September 2010

Faculty Accomplishments

Bruce Bennett, Professor of English, chaired a Panel on the Villanelle at the 2010 West Chester Poetry Conference on June 10th, 2010. He also presented a talk on Keats’s "La Belle Dame Sans Merci" and Yeats’s "The Song of Wandering Aengus" at the Yeats Critical Seminar at the West Chester Poetry Conference on June 10th.

Two poems by Professor Bennett appear in the Fall 2010 online poetry magazine, 
INNISFREE POETRY JOURNAL. 

Professor Bennett read his poetry at the Aurora Arts & Design Center, Aurora, September 3rd, 2010.

Tracy Brandenburg, Visiting Assistant Professor of Spanish had the opportunity 
to both study and consult at the Hasso Plattner Institute of Design (d.school) at Stanford University in July. She studied in an executive program on "design thinking," and learned how to both implement, as well as teach this methodology. Design thinking is used to solve difficult problems and arrive at innovative solutions. It employs techniques from the arts, anthropology, business, and engineering.

Robert, Ellis, Director of the Center for Business and Entrepreneurship, has been quoted on the Dow Jones Wire service, as well as in Ignites and FundFire, on different aspects of the wealth management industry. Ignites is an online newsletter for asset managers. FundFire, also owned by Source Media, is a retail-oriented newsletter that focuses on asset management choices by individual wealth managers and advisors.FundFire recently quoted Ellis on the quality of senior execs at the four big wirehouses; what they were focusing on and whether it was the right thing to be concentrating on for their firm.

Deborah Gagnon, Associate Professor of Psychology, delivered the opening keynote address at the New York Library Association's 2010 Academic Librarian's Conference held June 7-8 in Ithaca, NY. The conference theme was 'Faster than the Speed of Bytes: Technology, Cognition, and the Academic Librarian'; Dr. Gagnon discussed the intersection between brain, cognition, and technology and its impact on library services in her talk 'This Is Your Brain on Technology: The Technology Exposure Effect'.

William GanisAssociate Professor of Art History, had two articles appear the Summer 2010 issue of The Gather, published by the Corning Museum of Glass—These texts are: "Meet the Artist: April Surgent" profiling a Seattle-based glass engraver; and "Masters of Studio Glass: Ji?í Harcuba" previewing an upcoming exhibition of this Czech artist.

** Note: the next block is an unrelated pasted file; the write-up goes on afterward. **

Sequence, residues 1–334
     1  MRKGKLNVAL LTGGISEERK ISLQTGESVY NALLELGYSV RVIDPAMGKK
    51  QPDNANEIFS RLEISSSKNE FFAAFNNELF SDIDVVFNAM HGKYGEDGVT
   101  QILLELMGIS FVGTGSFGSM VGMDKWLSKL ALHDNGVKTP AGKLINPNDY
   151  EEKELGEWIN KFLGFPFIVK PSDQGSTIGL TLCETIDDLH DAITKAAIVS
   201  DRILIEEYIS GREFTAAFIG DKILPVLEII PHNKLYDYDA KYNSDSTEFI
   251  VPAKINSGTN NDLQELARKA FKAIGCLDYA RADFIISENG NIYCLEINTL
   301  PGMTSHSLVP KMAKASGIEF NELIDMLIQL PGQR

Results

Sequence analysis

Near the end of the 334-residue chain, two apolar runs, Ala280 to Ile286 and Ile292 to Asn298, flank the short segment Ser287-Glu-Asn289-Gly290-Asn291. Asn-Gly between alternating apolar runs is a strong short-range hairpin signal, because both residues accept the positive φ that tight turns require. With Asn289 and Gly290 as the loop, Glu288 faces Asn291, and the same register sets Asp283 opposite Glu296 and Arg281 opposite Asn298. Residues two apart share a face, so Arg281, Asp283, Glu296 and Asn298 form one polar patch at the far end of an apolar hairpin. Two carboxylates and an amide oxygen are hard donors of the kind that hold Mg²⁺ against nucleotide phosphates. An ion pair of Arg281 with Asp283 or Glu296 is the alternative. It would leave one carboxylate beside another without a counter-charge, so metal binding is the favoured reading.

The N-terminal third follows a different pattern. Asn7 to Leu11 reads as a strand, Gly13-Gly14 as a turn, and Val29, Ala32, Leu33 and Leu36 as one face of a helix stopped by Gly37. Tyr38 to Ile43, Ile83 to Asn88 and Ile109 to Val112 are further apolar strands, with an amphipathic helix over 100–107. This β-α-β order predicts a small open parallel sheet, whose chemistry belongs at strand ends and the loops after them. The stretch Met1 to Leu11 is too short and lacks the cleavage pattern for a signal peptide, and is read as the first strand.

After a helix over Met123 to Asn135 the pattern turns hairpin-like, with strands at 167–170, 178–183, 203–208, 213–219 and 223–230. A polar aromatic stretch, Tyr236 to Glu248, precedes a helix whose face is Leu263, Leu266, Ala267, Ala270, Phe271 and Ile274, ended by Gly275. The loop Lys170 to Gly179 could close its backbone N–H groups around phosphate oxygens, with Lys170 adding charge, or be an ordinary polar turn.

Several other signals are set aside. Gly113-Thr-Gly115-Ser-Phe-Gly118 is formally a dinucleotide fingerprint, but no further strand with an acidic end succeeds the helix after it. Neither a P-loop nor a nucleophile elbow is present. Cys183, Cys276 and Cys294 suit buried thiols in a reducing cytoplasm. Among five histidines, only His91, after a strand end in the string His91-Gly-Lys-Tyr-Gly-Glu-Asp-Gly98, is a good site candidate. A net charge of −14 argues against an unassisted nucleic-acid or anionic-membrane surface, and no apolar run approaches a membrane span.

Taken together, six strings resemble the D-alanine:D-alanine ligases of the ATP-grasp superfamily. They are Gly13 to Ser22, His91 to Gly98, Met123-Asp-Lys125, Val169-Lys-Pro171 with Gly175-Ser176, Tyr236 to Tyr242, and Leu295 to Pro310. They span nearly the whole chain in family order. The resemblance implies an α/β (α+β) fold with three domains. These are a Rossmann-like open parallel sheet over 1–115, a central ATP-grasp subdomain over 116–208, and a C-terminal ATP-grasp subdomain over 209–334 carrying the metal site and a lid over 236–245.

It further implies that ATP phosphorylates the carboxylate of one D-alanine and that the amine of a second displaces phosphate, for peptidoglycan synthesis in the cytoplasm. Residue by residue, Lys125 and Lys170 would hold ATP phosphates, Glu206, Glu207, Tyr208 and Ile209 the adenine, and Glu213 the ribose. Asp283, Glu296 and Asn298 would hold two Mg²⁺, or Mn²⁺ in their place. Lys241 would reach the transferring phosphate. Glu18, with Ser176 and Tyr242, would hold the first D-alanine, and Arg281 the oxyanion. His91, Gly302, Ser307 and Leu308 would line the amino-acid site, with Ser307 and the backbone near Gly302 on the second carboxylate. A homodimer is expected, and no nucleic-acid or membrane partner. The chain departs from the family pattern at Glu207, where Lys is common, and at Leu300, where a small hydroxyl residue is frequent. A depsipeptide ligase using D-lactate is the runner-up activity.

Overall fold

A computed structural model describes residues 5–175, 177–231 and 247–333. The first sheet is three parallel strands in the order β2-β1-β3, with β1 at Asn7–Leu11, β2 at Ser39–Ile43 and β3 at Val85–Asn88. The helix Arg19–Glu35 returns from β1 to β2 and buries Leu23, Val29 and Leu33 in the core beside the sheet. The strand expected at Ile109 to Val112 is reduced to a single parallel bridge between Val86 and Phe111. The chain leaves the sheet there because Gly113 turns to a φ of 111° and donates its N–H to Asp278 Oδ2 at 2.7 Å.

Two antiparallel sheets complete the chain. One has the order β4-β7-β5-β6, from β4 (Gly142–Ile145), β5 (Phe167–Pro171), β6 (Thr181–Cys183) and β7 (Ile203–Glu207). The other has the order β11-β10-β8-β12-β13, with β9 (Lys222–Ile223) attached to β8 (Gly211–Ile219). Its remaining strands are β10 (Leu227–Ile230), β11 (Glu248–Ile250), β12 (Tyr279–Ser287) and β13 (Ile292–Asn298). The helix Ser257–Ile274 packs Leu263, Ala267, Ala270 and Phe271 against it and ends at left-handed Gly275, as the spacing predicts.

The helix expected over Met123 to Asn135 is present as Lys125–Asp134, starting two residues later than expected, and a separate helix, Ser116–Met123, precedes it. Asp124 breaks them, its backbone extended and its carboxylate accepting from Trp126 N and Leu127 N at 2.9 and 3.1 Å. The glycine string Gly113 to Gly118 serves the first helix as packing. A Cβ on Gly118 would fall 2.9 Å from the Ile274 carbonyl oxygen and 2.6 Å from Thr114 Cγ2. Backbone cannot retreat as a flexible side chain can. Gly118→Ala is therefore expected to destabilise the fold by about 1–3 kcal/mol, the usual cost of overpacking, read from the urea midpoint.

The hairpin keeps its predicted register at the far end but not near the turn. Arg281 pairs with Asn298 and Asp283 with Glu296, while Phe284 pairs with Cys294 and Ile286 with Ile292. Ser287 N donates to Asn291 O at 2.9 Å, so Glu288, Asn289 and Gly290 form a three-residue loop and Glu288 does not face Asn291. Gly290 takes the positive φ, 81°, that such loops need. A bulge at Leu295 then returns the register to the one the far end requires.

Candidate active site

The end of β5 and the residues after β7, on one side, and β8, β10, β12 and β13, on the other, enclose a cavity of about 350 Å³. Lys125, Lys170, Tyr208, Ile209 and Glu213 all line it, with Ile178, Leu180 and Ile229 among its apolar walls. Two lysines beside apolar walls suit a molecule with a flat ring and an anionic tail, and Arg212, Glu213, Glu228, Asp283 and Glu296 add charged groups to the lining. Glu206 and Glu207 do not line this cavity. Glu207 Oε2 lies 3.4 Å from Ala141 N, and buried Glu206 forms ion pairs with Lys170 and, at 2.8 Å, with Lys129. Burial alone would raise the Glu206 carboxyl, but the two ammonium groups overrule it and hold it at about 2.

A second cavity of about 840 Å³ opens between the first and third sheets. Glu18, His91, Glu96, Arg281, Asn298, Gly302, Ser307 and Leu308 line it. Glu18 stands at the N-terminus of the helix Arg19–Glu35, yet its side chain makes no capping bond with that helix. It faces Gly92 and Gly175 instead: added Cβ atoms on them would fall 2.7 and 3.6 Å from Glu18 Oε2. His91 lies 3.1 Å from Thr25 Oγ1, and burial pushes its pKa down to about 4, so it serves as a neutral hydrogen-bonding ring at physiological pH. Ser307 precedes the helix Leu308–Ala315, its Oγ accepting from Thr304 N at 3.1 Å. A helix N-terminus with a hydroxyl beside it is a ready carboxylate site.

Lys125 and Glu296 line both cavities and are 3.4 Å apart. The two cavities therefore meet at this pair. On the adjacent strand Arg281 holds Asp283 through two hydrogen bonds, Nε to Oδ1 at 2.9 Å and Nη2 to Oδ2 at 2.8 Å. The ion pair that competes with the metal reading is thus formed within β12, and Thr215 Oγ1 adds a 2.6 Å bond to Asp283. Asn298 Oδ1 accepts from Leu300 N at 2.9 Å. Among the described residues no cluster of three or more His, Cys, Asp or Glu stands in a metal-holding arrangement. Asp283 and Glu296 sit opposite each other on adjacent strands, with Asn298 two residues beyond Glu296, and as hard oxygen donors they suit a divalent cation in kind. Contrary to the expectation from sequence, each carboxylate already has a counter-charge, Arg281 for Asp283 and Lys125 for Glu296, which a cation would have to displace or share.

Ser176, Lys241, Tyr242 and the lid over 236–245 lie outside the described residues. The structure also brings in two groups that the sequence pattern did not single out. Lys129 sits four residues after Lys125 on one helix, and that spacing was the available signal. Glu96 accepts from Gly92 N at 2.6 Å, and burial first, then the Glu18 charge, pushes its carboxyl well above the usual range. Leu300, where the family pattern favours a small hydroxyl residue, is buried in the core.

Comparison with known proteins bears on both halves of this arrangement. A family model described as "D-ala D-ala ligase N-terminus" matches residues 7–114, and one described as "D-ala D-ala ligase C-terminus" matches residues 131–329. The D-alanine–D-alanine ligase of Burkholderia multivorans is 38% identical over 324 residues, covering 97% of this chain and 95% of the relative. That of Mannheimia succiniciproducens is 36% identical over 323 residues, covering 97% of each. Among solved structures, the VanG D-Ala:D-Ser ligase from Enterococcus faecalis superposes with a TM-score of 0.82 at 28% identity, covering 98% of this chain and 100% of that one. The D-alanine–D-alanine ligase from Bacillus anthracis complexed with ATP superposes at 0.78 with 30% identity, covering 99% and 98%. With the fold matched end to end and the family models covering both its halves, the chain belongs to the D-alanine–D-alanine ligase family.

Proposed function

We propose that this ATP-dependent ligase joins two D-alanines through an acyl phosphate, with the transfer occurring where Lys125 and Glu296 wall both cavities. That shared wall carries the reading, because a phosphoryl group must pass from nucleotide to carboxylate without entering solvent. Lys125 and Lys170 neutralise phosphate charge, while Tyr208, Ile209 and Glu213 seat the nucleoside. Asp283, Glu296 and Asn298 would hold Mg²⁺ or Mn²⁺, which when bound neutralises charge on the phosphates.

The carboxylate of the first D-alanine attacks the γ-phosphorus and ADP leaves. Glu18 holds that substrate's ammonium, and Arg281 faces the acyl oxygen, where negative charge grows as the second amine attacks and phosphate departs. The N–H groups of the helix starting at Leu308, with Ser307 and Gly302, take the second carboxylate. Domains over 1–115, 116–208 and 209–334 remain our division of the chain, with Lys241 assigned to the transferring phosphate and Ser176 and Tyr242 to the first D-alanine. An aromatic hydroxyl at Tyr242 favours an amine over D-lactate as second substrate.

His article, "Shift Dress" on pâte de verre sculptor Mielle Riggie published the Summer 2010 issue of Glass: The UrbanGlass Art Quarterly and his review of "Voices of Contemporary Glass: The Heineman Collection" exhibition at the Corning Museum of Glass appears in the same issue.

The Art Book, a publication of the Association of Art Historians — published Dr. Ganis’s review of Sheldon Barr’s book, Venetian Glass Mosaics: 1860-1917, in the Volume 17, Issue 3, August 2010 issue.

As director of Wells College’s String Room Gallery, Professor Ganis opened the first show of the 2010-11 season with "Ceramic Trompe L’oeil: Walking with Softer Steps" featuring vessels by Eric Serritella. This exhibition is on view from September 1 to October 7. 

In another discipline, Dr. Ganis has his "Bakery and Bistro: Normal Bread—Red Dove Tavern" article discussing relationship of a bakery and restaurant in Geneva, NY, published in the Fall 2010 issue of Life in the Finger Lakes magazine. 

Michael Groth, Professor of History, presented a paper entitled, "ABOLITIONISM AND THE CONSTRUCTION OF BLACK IDENTITY IN THE MID-HUDSON VALLEY" at the 32nd Annual Meeting Of the Society for Historians of the Early American Republic held in Rochester, NY in July.

Cynthia J. Koepp, Professor of History, reviewed Geraldine Sheridan's new book, "Louder Than Words: Ways of Seeing Women Workers in Eighteenth-Century France" for the September issue of H-France Review (Vol. 10, No. 128), the on-line journal of the Society for French Historical Studies. 

Laura J. McClusky, Associate Professor of Sociology, at the invitation of the Global Center of Non-Killing, submitted a chapter titled Ending Violence, Changing Lives: Identity, Domestic Violence and Culture Change in Southern Belize. This chapter is now published in Non-Killing Societies (Honolulu, HI: Center for Global Non-Killing 2010). 

Laura J. McClusky proposed, and in collaboration with John Wells and Amy Torea of Wells College and faculty and administrators at Galen University, developed and initiated a semester abroad Off-Campus study program in Sustainable Community Development at Galen University, Belize. This program, primarily for sophomores in the fall semester, and juniors and seniors in the spring, allows students to learn first-hand about critical issues concerning poverty, poverty alleviation, economic and environmental sustainability, cultural survival and the maintenance of autonomy for communities in this multi-ethnic Central American nation. McClusky also developed and coordinated an orientation for students participating in this program. The orientation included a five day in-country field experience (including exploration and skills acquisition) and a suggested set of readings reflecting current research in the regions they visited. 

McClusky is also serving as a judge for the New York State Sociological Association’s graduate and undergraduate student prize for best paper submitted to the annual conference. 

Niamh O' Leary, Professor of Environmental Studies, had her article on carbon footprints, "Footprints by the Lake", published in the summer 2010 issue of *Network News*, the newsletter of the Cayuga Lake Watershed Network. The article highlighted Wells College's Climate Commitment signed by President Ryerson in 2008. 

 

 
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